Thursday’s mountain snowfall could be the last we see for a few days

Weather

PORTLAND, Ore. (KOIN) – Let’s just say we are sitting pretty right now with mountain snow.

We’ve had quite the haul going back to the week of Christmas, and we are thriving on the slopes. Though, we have a long winter, it is quite the scene up at Mt. Hood Meadows today. We want to keep the snow coming, because it is so beneficial for our region when it comes to water. After such a busy timeframe, we are going to hit a wall for the near future. Outside of one lonely chance for snow this week, we are going to dry out for a while.

Check out the views coming from Mt. Hood Meadows this afternoon. What a lovely scene, with plenty of snow to work with. The base is currently at 94 inches and we should be able to pick up a few more come Thursday. It sure seems like we will be more dry than snowy though through the next five to seven days.

Check out the mountain forecast for the remainder of the week. Snow levels are going to be well above the passes and even above the highest chairlift runs. We will do our best on Thursday to bring in as much snow as we can. The forecast below is situated around 5,500 feet. Not much snow will make it to Government Camp this week, or the major mountain passes. We will go for about 3 to 5 inches of snow around the base of Mt. Hood Meadows, with higher totals for the upper runs. Notice that the snow levels jump again by Friday, staying well above the base of the ski resort through the weekend. We shouldn’t lose a lot of snow through this period of time, but we surely won’t be gaining much.

The snow total forecast does bring some snow down to Government Camp and Parkdale Thursday. It shouldn’t be much, with less than an inch expected. Travel up to the mountain shouldn’t be as difficult this trip, but likely still very busy. It’s a great time to be up on the mountain under the sunshine. We only get so many sunny days in the winter, especially in the valley, that this is the time to soak it all up. We will inevitably be back to colder air and more mountain snow. Notice that there isn’t much snow all together, even up in areas of the Washington Cascades too.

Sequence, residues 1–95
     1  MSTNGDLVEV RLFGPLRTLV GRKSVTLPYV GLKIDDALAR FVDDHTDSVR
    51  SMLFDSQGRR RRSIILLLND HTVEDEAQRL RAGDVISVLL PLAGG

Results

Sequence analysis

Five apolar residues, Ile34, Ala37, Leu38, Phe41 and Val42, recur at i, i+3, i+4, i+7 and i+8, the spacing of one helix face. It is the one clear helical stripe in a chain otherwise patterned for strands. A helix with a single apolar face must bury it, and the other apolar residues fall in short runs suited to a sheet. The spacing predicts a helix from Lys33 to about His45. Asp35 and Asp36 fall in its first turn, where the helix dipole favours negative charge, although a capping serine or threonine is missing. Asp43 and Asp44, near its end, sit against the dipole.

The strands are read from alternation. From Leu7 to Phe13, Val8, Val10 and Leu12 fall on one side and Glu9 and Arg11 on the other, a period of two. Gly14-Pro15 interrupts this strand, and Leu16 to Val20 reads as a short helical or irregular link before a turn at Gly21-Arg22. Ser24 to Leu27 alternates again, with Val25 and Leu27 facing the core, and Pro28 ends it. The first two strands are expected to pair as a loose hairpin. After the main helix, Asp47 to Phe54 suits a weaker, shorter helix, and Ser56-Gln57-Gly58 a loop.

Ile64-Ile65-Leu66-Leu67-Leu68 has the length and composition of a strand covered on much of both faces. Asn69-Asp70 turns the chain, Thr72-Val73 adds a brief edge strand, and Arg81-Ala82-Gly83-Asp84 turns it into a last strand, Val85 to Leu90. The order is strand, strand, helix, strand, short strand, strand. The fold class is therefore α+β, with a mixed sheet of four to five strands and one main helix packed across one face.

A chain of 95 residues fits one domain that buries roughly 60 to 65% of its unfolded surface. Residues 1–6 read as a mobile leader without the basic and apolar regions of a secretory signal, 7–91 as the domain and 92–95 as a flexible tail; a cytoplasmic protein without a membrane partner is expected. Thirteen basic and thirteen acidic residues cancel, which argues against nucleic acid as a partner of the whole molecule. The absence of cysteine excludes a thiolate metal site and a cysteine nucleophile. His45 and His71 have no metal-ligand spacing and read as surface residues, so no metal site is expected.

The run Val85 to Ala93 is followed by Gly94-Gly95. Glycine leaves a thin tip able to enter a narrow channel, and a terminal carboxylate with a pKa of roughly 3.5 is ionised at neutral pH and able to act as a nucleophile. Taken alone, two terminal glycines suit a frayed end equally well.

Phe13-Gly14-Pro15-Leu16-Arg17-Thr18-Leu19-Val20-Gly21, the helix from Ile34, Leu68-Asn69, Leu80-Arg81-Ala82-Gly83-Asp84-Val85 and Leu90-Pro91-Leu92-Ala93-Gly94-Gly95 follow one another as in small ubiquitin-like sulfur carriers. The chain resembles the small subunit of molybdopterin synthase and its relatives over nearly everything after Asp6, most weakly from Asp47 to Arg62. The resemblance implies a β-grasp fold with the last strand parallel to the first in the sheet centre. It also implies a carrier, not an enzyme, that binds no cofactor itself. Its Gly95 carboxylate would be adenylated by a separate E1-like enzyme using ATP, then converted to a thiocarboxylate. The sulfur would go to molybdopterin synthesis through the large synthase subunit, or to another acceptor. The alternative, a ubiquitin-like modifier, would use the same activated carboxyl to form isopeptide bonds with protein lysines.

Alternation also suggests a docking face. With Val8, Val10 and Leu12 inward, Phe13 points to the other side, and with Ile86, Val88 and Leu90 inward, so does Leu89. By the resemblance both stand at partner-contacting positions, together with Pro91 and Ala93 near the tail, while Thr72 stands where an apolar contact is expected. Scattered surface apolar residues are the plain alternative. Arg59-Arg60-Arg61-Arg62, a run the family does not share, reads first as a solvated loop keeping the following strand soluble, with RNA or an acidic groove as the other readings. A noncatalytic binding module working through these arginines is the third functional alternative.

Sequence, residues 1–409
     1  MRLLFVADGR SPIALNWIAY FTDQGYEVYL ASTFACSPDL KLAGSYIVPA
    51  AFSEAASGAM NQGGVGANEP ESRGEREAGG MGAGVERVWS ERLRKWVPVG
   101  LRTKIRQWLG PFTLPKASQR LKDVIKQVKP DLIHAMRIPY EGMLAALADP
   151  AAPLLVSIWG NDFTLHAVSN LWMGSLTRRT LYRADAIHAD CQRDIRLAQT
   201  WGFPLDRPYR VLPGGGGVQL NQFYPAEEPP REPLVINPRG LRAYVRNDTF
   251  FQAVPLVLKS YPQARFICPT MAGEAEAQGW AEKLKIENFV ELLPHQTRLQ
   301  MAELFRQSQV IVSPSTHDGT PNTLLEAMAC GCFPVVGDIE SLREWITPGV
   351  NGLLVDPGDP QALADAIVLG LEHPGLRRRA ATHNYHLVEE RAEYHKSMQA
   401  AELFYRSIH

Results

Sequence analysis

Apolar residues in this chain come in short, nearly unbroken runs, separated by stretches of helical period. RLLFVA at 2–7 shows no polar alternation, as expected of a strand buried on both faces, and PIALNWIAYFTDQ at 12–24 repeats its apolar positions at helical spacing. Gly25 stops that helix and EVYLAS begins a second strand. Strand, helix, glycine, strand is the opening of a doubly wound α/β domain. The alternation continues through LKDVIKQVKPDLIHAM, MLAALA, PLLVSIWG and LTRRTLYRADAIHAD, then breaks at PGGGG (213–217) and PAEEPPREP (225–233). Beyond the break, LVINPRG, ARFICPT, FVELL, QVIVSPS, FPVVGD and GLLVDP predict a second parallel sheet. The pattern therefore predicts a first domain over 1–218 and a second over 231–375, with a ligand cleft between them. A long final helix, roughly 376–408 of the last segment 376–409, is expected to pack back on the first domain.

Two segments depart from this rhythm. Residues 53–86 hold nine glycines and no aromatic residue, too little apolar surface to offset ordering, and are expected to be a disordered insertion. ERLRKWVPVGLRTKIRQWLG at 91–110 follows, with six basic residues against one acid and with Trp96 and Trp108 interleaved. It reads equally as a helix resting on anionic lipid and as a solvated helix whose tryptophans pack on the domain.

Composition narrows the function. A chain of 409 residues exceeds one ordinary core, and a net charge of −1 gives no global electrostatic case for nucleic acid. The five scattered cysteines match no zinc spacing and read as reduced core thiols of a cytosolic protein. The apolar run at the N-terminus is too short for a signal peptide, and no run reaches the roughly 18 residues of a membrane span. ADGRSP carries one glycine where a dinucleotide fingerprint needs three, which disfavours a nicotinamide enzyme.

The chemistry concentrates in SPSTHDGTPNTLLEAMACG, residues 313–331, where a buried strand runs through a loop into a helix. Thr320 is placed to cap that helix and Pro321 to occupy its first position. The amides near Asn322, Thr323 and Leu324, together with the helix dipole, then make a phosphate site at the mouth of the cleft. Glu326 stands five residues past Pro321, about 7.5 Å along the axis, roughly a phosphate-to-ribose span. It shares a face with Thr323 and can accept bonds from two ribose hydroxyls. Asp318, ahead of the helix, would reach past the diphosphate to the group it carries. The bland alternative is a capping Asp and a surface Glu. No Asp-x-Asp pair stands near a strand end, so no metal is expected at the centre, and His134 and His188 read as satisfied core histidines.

Snow should arrive early tomorrow morning, with rain in the valley. If you’re thinking about hitting the slopes on Thursday, it will be your best day to get some active snowfall. It should start as early as 5 to 6 in the morning, with on and off snow showers through the day. Moisture will start drying up form the north down to the south, as an area of low pressure drags down the coast. Once this passes, we will be on our way to a dry weekend.

The weather pattern will show the quick-moving wave on Thursday, represented by the area of green over the Pacific Northwest. If you cycle through the slideshow, you will notice that a massive area of high pressure develops by the weekend. That broad area of high pressure will keep the temperatures warm aloft and it will bump the snow levels up. That is why we have those snow levels jumping over the weekend. We will have to break this ridge down for any other event to move on in. We are hopeful that this may happen after Monday (potentially by Monday night).

If there was ever a time to hit a short dry spell, it would be now. The snow water equivalent is well above average right now. I want to stress, that we want to KEEP it that way. Let’s think of cold and snow for the end of January and start to the month of February. What is extra impressive is that areas of the northern Cascades, where we have our lovely local ski resorts is doing extremely well.

You can learn more about the snowpack and the drought conditions here.

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